Despite being synonymous with visual clarity, the year 2020 approaches with a somewhat blurry outlook for construction equipment purchases. Industry observers agree that domestic and global uncertainties will sap momentum from the decade-long construction boom, but effects on the equipment sector are only slowly coming into focus.
Several manufacturers have pared back 2020 forecasts that already hinted at a slowdown. In November, Deere & Co. predicted a 10% to 15% drop in its construction and forestry sales in its coming fiscal year, while announcements from both Terex and Caterpillar anticipate fourth-quarter 2019 decreases of as much as 10%. Expectations of diminishing demand for equipment also have begun to translate into layoffs, with both Deere and Caterpillar announcing plans to trim production staffs at several domestic manufacturing plants.
Still, the overall health of the U.S. economy may help provide some balm for trends that in other years might be considered downright gloomy. Association of Equipment Manufacturers President Dennis Slater notes that while the optimism of recent years has evaporated, forecasts from the group’s economic partner, Oxford Economics, indicate the construction equipment sector will finish 2019 up 3.9%, “which is positive but a slowdown from 12% in 2018.”
Slater adds that “informal snapshot surveys” of AEM members have found “overall indications of stability to slight growth in 2019 as well as in 2020, although there is little consensus.”
Market analyst Chuck Yengst says that while projects already underway or with investment will continue in 2020, “it’s the new projects coming on line that may be delayed.” He adds that the 2017 tax reform measure “still has staying power to help people who want to buy equipment.”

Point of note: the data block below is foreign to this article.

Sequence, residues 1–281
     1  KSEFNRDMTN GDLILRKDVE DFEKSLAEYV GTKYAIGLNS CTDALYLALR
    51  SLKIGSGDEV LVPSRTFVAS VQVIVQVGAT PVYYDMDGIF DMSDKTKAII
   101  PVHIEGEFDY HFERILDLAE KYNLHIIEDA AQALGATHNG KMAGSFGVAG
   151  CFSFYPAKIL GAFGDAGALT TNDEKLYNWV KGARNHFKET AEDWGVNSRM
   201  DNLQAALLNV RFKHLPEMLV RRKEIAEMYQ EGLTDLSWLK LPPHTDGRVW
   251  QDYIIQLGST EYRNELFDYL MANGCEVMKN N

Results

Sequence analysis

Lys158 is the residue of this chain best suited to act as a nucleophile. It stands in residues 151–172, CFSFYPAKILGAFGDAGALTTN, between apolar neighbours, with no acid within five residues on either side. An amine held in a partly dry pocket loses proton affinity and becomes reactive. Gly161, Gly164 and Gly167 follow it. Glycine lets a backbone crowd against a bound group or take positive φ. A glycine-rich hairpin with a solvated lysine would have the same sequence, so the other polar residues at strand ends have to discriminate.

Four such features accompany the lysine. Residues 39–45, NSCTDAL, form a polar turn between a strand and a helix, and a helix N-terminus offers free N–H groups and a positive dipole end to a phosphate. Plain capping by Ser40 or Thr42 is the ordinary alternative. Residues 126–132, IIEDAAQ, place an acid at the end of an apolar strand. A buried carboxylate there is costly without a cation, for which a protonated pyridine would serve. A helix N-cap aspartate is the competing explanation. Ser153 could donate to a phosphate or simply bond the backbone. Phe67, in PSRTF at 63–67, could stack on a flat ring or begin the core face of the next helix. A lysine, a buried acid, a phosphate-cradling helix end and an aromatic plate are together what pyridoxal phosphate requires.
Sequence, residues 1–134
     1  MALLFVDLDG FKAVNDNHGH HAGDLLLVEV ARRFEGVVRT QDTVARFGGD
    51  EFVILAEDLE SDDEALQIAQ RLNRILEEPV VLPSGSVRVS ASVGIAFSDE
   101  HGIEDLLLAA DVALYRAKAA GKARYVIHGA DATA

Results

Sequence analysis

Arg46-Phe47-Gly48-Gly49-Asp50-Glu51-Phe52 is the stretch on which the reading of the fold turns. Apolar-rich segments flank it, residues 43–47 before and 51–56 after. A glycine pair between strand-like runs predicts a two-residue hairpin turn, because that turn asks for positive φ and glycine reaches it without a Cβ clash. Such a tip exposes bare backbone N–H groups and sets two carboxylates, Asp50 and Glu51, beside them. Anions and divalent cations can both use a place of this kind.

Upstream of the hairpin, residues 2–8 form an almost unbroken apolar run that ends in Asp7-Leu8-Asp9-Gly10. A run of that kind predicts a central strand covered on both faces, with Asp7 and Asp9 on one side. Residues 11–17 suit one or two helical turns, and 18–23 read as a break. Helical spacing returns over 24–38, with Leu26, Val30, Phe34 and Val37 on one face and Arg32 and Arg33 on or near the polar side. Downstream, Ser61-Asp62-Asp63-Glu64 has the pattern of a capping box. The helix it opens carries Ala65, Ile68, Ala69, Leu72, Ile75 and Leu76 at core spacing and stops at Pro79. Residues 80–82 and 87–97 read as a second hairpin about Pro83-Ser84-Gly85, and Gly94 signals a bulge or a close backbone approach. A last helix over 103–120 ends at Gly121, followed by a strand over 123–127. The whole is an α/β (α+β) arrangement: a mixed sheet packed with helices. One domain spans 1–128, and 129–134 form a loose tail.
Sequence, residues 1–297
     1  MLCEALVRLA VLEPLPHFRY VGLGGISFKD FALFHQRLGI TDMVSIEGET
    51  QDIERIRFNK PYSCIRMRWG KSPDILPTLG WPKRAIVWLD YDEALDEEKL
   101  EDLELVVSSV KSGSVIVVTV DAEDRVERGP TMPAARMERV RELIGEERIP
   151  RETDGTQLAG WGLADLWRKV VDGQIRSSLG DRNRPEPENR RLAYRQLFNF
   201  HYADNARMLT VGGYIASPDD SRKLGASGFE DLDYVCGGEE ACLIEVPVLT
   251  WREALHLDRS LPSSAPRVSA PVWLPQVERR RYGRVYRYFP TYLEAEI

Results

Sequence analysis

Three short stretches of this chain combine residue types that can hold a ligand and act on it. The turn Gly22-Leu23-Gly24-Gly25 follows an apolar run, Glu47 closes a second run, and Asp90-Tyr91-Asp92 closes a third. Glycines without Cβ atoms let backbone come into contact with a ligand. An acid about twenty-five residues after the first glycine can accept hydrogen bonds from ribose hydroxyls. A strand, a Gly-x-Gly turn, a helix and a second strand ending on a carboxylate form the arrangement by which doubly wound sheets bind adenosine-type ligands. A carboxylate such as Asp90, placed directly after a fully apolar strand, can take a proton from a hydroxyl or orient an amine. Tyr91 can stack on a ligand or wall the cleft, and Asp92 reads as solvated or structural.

State-funded road and bridge activity is also keeping contractors busy, and, at least in some cases, in the market for new equipment. “Most dealers feel the first two quarters will be good,” says Brian McGuire, president and CEO of Associated Equipment Distributors. Beyond that is anyone’s guess, he adds, “but most believe that we won’t walk off a cliff.”
In some respects, a slowdown in equipment sales is a natural outcome following a year when many categories outperformed expectations.
“Growth has been particularly strong in the mini excavator, telescopic handler and compact tracked loader categories,” says Chris Sleight of U.K.-based marketing consultant Off-Highway Research. “To some extent, they have replaced traditional machines such as tractor loader backhoes and skid-steer loaders.”
The year has also been good for Class 8 trucks, which enjoyed near record-setting sales, according to Steve Tam, vice president of ACT Research. Only 2006 results were better. “Equipment products are the best we’ve ever seen,” Tam says. “Fuel efficiency is at an all-time high, and features like automatic transmission help widen the driver pool.” Following so many big sales years, Tam adds, forecasts of a 15% drop in 2020 shouldn’t be unexpected. “It’s a slowdown to ‘normal,’ which isn’t bad,” he says.
Nevertheless, market certainty may be in short supply in 2020, with multiple unresolved international trade issues, a contentious political landscape and elections on the horizon.
While the likelihood of a federal infrastructure bill materializing in the next 12 months is remote, observers say recent progress toward a new North American trade deal could be a harbinger of hope on other fronts.
Sleight expects equipment sales volumes to “stabilize at a high level or show a gentle decline from 2019 levels.” Noting “a very clear need for infrastructure investment in the US,” he adds that funding “could be a significant driver of further growth in the equipment market.”
Industry caution related to making purchases may bode well for rental companies. United Rentals’ third-quarter earnings report cited strong results market-wide, particularly in the non-residential segment, with a 41% year-over-year revenue increase from used equipment sales. U.K.-based Ashtead, parent company of Sunbelt Rentals, announced in September a $1-billion investment to expand its American fleet and expressed confidence in the market’s medium-term outlook.
McGuire says even a bland outlook for 2020 is better than the alternative. “We still remember the Great Recession,” he says. “The attitude is, if we made it through that, anything else by comparison isn’t so bad.”